Don't play any of the embedded videos if you've ever had a seizure.
Now that we're done with the warning...
We've all heard of the Pokemon incident in Japan where nearly 700 school aged children were admitted to the hospital with "convulsions, vomiting, irritated eyes and other symptoms" common to epilepsy. This lead to a number of government investigations and media companies searching their offerings to determine whether any of their shows had similar scenes that might induce photosensitive epilepsy. According to a CNN report of the incidents:
Dr. Yukio Fukuyama, a juvenile epilepsy expert, said that "television epilepsy" can be triggered by flashing, colorful lights. Though the phenomenon was observed before television, photosensitive epilepsy, as it is also called, has become far more common as TV has spread. The same symptoms have also been observed in children playing video games.
It is relatively rare for epileptics to be the photosensitive type, and according to Wikipedia only between three and five percent of epileptics are of the photosensitive type. In the general population only about two people per 10,000 are epileptic. Epilepsy peaks in puberty, so it is relatively rare for adults to present with epilepsy, especially photosensitive epilepsy. So if you are an adult with no history of epilepsy you'll probably be safe watching the famous Pokemon Epilepsy Episode. If you're a teen, perhaps you should watch this with a parent. After all you're better off knowing if you have photosensitive epilepsy in a safe environment with a caretaker. You don't want to be walking down the street and then suddenly wake up in a hospital with your head busted open (It happened to a friend of mine - so I know it's possible!)
As soon as I heard about this effect back in college I went looking for the video but YouTube just wasn't available then so I had to wait until recently to see the Pokemon Epilepsy Episode. So here it is:
In addition to Pokemon there have been other incidents on TV, Dragonball Z as well as a London Olympics 2012 ad campaign among others have been reported to have caused a number of seizures. Of course there are many things that can induce seizure in people, annoying spouses, mother-in-laws (kidding about those I hope), and of course seizures can occur for no external reason at all many many times a day. Now there is one more way to induce a seizure for one woman. The song Temperature by Sean Paul has been reported to induce seizures in a Canadian woman. Before I we continue with the story here's the song we're talking about (Warning: If you don't like crappy music you should probably not listen to this!)
According to an AP News report on Wired News:
Gayle, a 25-year-old customer service employee at a bank in Alberta, Canada, was suffering as many as 10 grand mal seizures a day, despite being treated with medications designed to control them. The condition became so bad she eventually had to quit her job and leave the church choir where she sang.
Eighteen months ago, she began to suspect that music by reggae and hip-hop artist Sean Paul was triggering some of her seizures. She recalled being at a barbecue and collapsing when the Jamaican rapper's music started playing, and then remembered having a previous seizure when she heard his music.
Her suspicions were confirmed on a visit to the Long Island medical center last February, when she played Paul's hit "Temperature" on her iPod for doctors. Soon after, she suffered three seizures.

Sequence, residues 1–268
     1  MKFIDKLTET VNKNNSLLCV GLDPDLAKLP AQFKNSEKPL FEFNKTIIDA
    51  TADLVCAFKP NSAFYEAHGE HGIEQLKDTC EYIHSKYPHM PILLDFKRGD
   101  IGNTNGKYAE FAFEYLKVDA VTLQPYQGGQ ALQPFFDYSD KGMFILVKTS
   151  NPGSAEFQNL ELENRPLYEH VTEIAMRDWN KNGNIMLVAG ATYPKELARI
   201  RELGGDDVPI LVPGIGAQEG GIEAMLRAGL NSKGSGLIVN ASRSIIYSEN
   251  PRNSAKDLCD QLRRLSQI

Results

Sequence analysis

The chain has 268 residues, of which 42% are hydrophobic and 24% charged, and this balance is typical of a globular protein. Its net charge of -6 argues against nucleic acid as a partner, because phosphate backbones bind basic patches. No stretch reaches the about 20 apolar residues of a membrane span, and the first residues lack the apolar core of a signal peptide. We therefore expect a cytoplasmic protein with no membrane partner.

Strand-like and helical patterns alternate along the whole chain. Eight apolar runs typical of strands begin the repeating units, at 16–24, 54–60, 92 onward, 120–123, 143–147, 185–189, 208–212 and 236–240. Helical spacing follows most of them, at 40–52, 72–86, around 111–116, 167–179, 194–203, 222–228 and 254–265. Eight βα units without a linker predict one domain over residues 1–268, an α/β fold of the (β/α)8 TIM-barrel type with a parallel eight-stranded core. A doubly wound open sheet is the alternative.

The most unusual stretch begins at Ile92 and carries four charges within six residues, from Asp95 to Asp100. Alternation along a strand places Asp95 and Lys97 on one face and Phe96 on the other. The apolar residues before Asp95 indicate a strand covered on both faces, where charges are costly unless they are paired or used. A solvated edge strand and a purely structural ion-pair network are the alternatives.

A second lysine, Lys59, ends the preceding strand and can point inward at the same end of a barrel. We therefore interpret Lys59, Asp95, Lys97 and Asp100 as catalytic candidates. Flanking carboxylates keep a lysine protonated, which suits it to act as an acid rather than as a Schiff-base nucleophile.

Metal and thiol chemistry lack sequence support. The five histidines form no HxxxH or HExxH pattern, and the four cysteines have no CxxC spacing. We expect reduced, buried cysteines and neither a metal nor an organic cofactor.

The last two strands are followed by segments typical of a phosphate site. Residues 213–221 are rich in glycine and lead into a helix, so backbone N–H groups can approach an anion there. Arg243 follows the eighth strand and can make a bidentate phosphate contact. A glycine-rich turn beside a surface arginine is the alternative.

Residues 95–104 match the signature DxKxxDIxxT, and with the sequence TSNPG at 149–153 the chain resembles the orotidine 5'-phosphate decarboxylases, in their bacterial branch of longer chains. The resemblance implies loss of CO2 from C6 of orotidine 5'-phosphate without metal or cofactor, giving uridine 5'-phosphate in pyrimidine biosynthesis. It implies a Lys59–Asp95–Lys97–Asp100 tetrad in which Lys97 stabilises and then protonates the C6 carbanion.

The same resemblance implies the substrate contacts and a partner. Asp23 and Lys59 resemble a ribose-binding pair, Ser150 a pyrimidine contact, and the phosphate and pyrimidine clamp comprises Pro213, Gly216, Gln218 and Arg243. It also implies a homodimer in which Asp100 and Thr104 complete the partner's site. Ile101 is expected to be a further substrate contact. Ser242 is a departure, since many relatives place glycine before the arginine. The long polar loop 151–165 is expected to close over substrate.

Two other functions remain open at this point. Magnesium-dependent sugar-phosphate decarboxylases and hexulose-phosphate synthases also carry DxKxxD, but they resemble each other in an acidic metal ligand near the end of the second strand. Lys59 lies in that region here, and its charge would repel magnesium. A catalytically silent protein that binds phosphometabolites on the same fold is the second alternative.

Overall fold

"Being that the seizures could be triggered by the music, this was a very interesting opportunity to study Stacey's brain," said Dr. Ashesh Mehta, the hospital's director of epilepsy surgery.
Luckily, after implanting a number of electrodes to determine the source of the seizure (not listed in the article) doctors were able to perform surgery to remove the offending brain cells and Stacey has not had a seizure since.
If you believe you or someone you know might be affected by photosensitive epilepsy here is a journal article you might be interested in.
EEG Diagnostic Procedures and Special Investigations in the Assessment of Photosensitivity
Photosensitivity can be assessed in laboratory conditions with different methods. The most common procedure is intermittent photic stimulation (IPS), whose effectiveness in detecting photosensitivity depends largely on methodologic aspects. Although IPS is a widespread and routinely used procedure in EEG laboratories, only recently has a standardization of the IPS method been proposed. Furthermore, other modalities of visual stimulation, including pattern stimulation and low-luminance visual stimulation (LLVS), have proven their usefulness in detecting photosensitivity. We provide an overview of the methodologic aspects and clinical implications of these procedures, resulting from recent consensus meetings, and the diagnostic usefulness of the LLVS technique in photosensitive individuals whose seizures are triggered particularly by television images. Finally, we briefly illustrate the potential of advanced neurophysiological (magnetoencephalography and high-density EEG) and functional imaging techniques in the investigation of the pathophysiologic mechanisms underlying photosensitivity.
Flickering lights may cause problems to people even when they don't have a history of epilepsy. In my kayaking club I know of two such people. The other was a woman of about 30, who had problems when paddling towards setting sun. The flicker from the waves made her feel ill. When a man of 70 heard about it, he told that he had almost fainted when reading a newspaper by swimming pool.
Maybe it is a form of synesthesia?
Hey check out the fantastic and currently hottest reggae artist Ava Leigh whos worked with the famous sly n Robbie, Nick Manasseh and future cuts. There is free music available at www.avaleigh.co.uk.